This story continues the adventures of the band of survivors eking out a precarious existence in the bell tower of an old church in England after the fall of the next ice age. They search for food in the streets of a town buried beneath the ice, and eat the meat of the occasional polar bear, called ‘pads’. But Jacko, the leader of the group, has plans to get away from the icy regions on the Snow Princess, a snowboat he’s in the process of building. However, the arrival of two further survivors on the scene, the dim-witted Charles William and the pretty young girl, Mignon, puts a spanner in the works as the boat will not be big enough to hold six people.

Again, the strength of the story lies in Coney’s depiction of the fraught relationship existing with the small group, and his description of the rigours of living in ice age conditions.

Events become even more tense with the attack of ferocious pads, who seem to be working in concert to defeat the humans. Again, as in “Discover a Latent Moses”, salvation arrives from a wholly unexpected source.

Though never less than entertaining, “Snow Princess” is not as successful as the leaner, more economical first tale – indeed it works better as part of the novel Winter’s Children, published three years later in 1974.

Rating: 5/10


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Michael G. Coney’s Short Stories 10

Beneath Still Waters” (World of If, January-February, 1971.)

This story marks the first appearance of Dr Ralph Streng, who will turn up again in Coney’s 1976, BSFA award winning novel Brontomek!. Streng is a self-centred, self-opinionated individualist who doesn’t believe in altruism and thinks that everyone is motivated wholly by self-interest – and admits that he himself is.

The story is centred around Finmouth Race Week, the arrival of an alien from the planet Canaral, and Streng’s relationship with his son Tom, who has Down’s Syndrome.

The first person narrator, Arthur Warren, records a series of events – an accident at a boat race which results in his saving Streng and his son, and their meeting with the alien – culminating in the alien forcing Streng to acknowledge his own humanity.

It’s a strong, but not wholly successful story – the handling of the Down’s Syndrome aspect (Tom is referred to as a ‘mongolian’ throughout) is a little off by modern standards – which redeems itself with a moving dénouement.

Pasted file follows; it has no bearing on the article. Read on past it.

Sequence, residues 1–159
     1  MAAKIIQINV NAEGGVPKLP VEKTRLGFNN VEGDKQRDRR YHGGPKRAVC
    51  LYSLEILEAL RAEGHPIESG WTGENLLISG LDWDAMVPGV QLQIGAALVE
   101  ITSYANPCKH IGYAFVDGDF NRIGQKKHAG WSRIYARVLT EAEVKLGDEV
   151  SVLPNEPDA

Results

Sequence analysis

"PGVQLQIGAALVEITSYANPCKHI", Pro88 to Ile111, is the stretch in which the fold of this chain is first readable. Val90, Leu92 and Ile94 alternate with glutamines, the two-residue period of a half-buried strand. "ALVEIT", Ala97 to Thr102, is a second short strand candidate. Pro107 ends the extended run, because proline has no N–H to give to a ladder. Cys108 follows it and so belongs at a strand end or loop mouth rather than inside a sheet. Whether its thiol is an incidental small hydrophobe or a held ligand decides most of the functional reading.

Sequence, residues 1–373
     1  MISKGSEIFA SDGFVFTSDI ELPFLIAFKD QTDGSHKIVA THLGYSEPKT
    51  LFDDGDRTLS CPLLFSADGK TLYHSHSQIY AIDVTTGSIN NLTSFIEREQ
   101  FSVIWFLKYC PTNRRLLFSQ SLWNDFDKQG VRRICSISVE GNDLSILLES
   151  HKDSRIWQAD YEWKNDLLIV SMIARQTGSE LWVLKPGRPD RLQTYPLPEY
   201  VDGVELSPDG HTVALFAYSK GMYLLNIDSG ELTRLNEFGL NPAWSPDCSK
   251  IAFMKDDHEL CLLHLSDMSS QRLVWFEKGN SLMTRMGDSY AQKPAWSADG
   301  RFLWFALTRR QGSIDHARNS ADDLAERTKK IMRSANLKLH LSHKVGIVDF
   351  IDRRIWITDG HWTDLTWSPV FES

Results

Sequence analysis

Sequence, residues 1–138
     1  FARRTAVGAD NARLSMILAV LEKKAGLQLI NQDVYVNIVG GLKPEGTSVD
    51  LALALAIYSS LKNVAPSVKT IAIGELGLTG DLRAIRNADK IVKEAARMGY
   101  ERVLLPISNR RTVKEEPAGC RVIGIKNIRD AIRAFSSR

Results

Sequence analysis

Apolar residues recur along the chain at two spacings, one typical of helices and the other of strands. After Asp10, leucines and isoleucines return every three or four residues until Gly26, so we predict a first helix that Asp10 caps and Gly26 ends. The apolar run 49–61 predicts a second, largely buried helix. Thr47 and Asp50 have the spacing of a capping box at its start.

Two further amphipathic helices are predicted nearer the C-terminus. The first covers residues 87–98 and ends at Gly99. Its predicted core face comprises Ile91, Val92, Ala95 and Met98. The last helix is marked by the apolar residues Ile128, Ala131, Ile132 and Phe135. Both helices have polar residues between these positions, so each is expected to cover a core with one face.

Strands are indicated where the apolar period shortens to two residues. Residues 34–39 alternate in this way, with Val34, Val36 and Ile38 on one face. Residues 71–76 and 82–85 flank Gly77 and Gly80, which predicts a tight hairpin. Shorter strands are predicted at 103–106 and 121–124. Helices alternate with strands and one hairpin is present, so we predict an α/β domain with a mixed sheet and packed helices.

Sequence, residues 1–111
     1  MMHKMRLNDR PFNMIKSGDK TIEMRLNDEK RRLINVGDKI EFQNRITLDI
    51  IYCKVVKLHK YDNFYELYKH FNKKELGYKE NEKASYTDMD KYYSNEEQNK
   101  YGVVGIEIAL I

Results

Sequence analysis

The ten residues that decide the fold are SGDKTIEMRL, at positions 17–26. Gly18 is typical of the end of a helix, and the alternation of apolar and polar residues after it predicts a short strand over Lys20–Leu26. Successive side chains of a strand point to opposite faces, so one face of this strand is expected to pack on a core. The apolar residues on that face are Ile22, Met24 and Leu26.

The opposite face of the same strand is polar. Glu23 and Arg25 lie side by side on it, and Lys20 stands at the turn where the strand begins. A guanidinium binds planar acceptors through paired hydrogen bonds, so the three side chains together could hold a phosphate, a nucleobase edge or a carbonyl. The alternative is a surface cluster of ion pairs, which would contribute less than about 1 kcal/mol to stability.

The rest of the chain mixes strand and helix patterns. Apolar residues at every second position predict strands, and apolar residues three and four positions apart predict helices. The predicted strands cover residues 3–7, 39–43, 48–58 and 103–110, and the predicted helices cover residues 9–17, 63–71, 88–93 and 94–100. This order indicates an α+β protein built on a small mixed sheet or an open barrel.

It’s notable for being the first of Coney’s stories to feature pleasure-craft and competitive racing – which will crop up again and again in future works – and for being the debut of Ralph Streng, a character you’ll love to hate.

Rating: 6/10


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Parasites, the second volume of the Kon-Tiki Quartet, written with Keith Brooke, is out now from PS Publishing.

Humankind  has at last sent a ship to the stars, leaving an Earth ravaged by environmental disaster and torn apart by competing sectarian interests.

Kat Manning is one of eighteen specialists aboard the starship Kon-Tiki, clones whose various areas of expertise will be crucial in the months and years ahead as they forge a new life on a strange alien world.

But what Kat finds on Newhaven is nothing she could have planned for, and every bit as surprising and challenging as the issues she left behind on Earth: mysterious aliens, political in-fighting, and someone willing to go to any lengths to keep a deadly secret.

In Parasites, the second volume of the Kon-Tiki Quartet, Brown and Brooke tell the story of humankind’s taming of an alien world – and of confrontation with the demons that lurk within the very psyche of humanity itself.


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Murder Served Cold

Murder Served Cold, the sixth Langham and Dupré novel, will be published at the end of December this year.

November, 1956. Lord Elsmere, an old friend of Donald Langham’s literary agent, Charles Elder, is in a pickle – his favourite painting, a Gainsborough, has been stolen from under his nose. What’s more, there’s no evidence of a break-in. The family heirloom was recently re-insured for a hefty price, and Elsmere is struggling financially. Could he have staged the theft, or was it taken by one of the guests?

Old Major Rutherford, evasive beauty Rebecca Miles, Dutch war hero Patrick Verlinden, Elsmere’s son Dudley Mariner and his statuesque sculptress fiancée, Esmeralda Bellamy, are all guests at the manor. But who would steal the painting, and why?

Private investigators Langham and Ralph Ryland take on the case and uncover seething animosities, jealousy, secrets and deception, before events take a shocking turn . . .